Keys to the Game: Packers at Vikings
Gerrard Diaz, email@example.com
Green Bay Packers
With the Minnesota Vikings playing musical chairs at their quarterback spot, as of early Thursday it wasn’t clear who would get the starting nod on Sunday. Newly acquired Josh Freeman was expected to be the starter but was suffering from concussion-like symptoms early in the week. If Freeman can’t play, expect them to start Christian Ponder, who lost his starting job this season. Whoever ends up behind center, it’s a good bet they will give the Packers’ secondary plenty of opportunities to get the ball. The Packers have to take advantage of those opportunities.
Get Rodgers going
Packers quarterback Aaron Rodgers hasn’t been putting up huge numbers with so many of his receivers injured and the emergence of rookie Eddie Lacy in the backfield. That needs to change. While Lacy is a welcome addition and the running game is working well right now, the Packers cannot depend totally on it. With Rodgers, no one expects the Packers to become a one-dimensional running team. To avoid that, Rodgers needs to build rapport with new receivers. He did that last week with Jerrett Boykin. Rodgers should keep throwing and make some more new friends.
The Vikings are pretty outmatched in this game. They need a flawless performance. That means no stupid plays, no ill-timed turnovers, as were on display in an embarrassing loss to the New York Giants on Monday Night Football. The Vikings need to be thinking of keeping the game close and hoping they have a chance to win it in the end.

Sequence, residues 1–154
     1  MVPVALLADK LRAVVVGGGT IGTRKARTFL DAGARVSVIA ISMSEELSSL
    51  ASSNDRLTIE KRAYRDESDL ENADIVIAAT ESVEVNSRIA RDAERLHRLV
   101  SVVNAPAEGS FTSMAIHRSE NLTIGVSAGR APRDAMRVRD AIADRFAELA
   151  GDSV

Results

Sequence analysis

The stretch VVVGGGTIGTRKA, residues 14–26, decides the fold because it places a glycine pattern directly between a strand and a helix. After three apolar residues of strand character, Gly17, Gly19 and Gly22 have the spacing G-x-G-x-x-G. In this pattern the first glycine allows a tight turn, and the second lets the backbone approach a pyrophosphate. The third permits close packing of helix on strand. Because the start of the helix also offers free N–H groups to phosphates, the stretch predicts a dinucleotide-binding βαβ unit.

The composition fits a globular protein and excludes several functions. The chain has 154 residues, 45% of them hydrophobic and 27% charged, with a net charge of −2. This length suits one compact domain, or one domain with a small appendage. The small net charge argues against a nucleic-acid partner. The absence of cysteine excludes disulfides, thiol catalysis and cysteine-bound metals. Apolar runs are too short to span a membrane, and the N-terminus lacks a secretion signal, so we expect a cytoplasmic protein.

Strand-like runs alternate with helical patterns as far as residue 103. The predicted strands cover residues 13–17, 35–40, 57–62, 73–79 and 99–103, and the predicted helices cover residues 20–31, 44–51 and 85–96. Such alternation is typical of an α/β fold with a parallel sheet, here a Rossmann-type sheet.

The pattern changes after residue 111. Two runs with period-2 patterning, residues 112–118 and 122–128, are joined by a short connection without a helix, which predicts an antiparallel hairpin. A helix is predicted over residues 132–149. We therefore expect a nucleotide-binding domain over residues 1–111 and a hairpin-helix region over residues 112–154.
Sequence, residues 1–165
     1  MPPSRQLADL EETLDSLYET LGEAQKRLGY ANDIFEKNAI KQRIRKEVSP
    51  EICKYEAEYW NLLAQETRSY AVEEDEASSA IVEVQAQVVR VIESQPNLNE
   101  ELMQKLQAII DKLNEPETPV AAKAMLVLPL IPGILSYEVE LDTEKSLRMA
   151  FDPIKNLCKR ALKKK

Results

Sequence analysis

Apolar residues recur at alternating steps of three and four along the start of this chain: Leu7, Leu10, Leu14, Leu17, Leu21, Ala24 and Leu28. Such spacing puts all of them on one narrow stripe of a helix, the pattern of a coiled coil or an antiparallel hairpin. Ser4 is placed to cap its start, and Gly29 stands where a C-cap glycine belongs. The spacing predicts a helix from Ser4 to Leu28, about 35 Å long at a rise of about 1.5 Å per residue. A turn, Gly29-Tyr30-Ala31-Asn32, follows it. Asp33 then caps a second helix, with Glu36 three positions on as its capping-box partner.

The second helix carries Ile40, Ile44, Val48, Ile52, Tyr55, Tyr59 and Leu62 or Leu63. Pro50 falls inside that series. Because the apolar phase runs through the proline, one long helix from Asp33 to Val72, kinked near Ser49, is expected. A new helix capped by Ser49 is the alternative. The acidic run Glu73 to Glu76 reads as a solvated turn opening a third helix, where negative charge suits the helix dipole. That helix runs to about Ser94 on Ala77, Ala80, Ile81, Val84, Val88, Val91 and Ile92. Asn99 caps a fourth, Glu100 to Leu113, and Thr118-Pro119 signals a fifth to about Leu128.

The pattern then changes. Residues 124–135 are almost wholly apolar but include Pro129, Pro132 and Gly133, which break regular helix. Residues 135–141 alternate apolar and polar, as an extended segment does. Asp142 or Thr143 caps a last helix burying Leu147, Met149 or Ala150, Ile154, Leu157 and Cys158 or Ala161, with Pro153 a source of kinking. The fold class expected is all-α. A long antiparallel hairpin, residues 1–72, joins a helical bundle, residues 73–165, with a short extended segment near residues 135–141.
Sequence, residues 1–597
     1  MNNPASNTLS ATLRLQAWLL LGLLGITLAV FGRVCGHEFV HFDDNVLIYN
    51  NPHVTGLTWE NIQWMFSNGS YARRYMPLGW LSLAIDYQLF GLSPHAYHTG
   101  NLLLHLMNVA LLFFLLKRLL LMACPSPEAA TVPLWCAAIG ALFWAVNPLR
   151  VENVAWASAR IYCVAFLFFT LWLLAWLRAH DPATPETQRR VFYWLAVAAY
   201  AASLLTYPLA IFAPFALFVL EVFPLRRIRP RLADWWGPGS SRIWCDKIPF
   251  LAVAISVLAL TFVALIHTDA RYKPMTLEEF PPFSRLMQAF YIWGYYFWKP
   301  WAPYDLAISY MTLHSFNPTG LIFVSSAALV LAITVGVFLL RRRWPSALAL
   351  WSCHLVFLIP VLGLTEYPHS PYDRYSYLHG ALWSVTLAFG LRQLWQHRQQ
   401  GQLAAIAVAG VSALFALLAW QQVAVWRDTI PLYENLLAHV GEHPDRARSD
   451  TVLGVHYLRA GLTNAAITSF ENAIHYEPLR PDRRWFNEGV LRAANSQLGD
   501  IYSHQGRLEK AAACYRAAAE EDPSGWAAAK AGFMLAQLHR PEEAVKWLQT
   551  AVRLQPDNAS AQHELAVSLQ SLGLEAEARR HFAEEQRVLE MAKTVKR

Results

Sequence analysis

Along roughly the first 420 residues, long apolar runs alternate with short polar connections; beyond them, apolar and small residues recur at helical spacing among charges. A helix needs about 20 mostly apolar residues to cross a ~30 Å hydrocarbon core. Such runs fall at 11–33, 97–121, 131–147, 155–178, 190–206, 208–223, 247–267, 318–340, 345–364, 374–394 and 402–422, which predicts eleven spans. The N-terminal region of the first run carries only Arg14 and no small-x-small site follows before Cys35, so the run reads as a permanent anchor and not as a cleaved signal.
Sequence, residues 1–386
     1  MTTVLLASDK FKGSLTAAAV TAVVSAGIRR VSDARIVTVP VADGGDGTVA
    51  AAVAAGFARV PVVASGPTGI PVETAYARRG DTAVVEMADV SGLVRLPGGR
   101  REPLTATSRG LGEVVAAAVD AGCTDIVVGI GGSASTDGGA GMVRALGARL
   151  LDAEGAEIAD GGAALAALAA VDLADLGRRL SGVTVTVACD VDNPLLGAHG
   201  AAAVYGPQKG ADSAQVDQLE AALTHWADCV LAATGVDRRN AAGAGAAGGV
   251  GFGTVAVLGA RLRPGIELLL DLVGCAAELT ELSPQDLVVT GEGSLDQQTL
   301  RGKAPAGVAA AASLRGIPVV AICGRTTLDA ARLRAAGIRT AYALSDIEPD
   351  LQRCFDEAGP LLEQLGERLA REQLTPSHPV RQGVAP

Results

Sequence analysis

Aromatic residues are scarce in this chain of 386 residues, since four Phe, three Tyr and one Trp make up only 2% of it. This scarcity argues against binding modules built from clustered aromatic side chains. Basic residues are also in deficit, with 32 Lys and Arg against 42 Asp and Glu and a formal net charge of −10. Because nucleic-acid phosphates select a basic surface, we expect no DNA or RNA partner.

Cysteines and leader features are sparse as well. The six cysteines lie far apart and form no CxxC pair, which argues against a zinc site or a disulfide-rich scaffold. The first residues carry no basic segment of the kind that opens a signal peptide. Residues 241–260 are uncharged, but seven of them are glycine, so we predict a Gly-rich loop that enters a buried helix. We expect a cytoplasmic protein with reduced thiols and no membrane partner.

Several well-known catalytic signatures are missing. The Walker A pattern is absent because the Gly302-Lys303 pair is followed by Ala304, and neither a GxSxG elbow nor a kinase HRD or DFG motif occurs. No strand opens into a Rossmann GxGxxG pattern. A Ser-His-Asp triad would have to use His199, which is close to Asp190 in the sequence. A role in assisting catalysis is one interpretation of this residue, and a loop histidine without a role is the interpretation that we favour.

Get Peterson going
The Vikings threw the ball 53 times in Monday night’s game against the Giants. Peterson, the NFL MVP running back, had 13 carries for 28 yards. That distribution is completely out of whack. The Vikings have to get something going with Peterson to have success, especially with the problems at the quarterback position. Every play the Vikings do anything but hand the ball to Peterson is a negative play.
Adrian Peterson vs. Packers run defense
Peterson torched the Green Bay Packers a season ago to the tune of 210, 199 and 99 yards in three contests. This year should be different. A Packers run defense that was spotty a season ago is playing lights out this year. The unit is ranked third in the NFL for stopping the run. No doubt the group can’t wait to hold Peterson in check after letting him run wild last season.
The Packers’ rookie left tackle has passed most of his tests so far this season, manning the important blind side of Rodgers. This week is another test, going against Minnesota sack specialist Jared Allen. Allen has four sacks this season and is playing well. Bahktiari has a tough job, but he has embraced the challenges of playing the toughest pass rushers week in and week out.
Vikings receiver Greg Jennings, who left for Minnesota via free agency, had a lot to say about his former teammates this offseason. On Wednesday he told the Wisconsin media that it was mostly blown out of proportion and that he was just kidding. Packers receiver James Jones, one of Jennings’ good friends on the team, said he hopes Jennings is held to just three catches and three yards. Sam Shields and the rest of the Packers’ defensive backfield probably hope they won’t even give that up.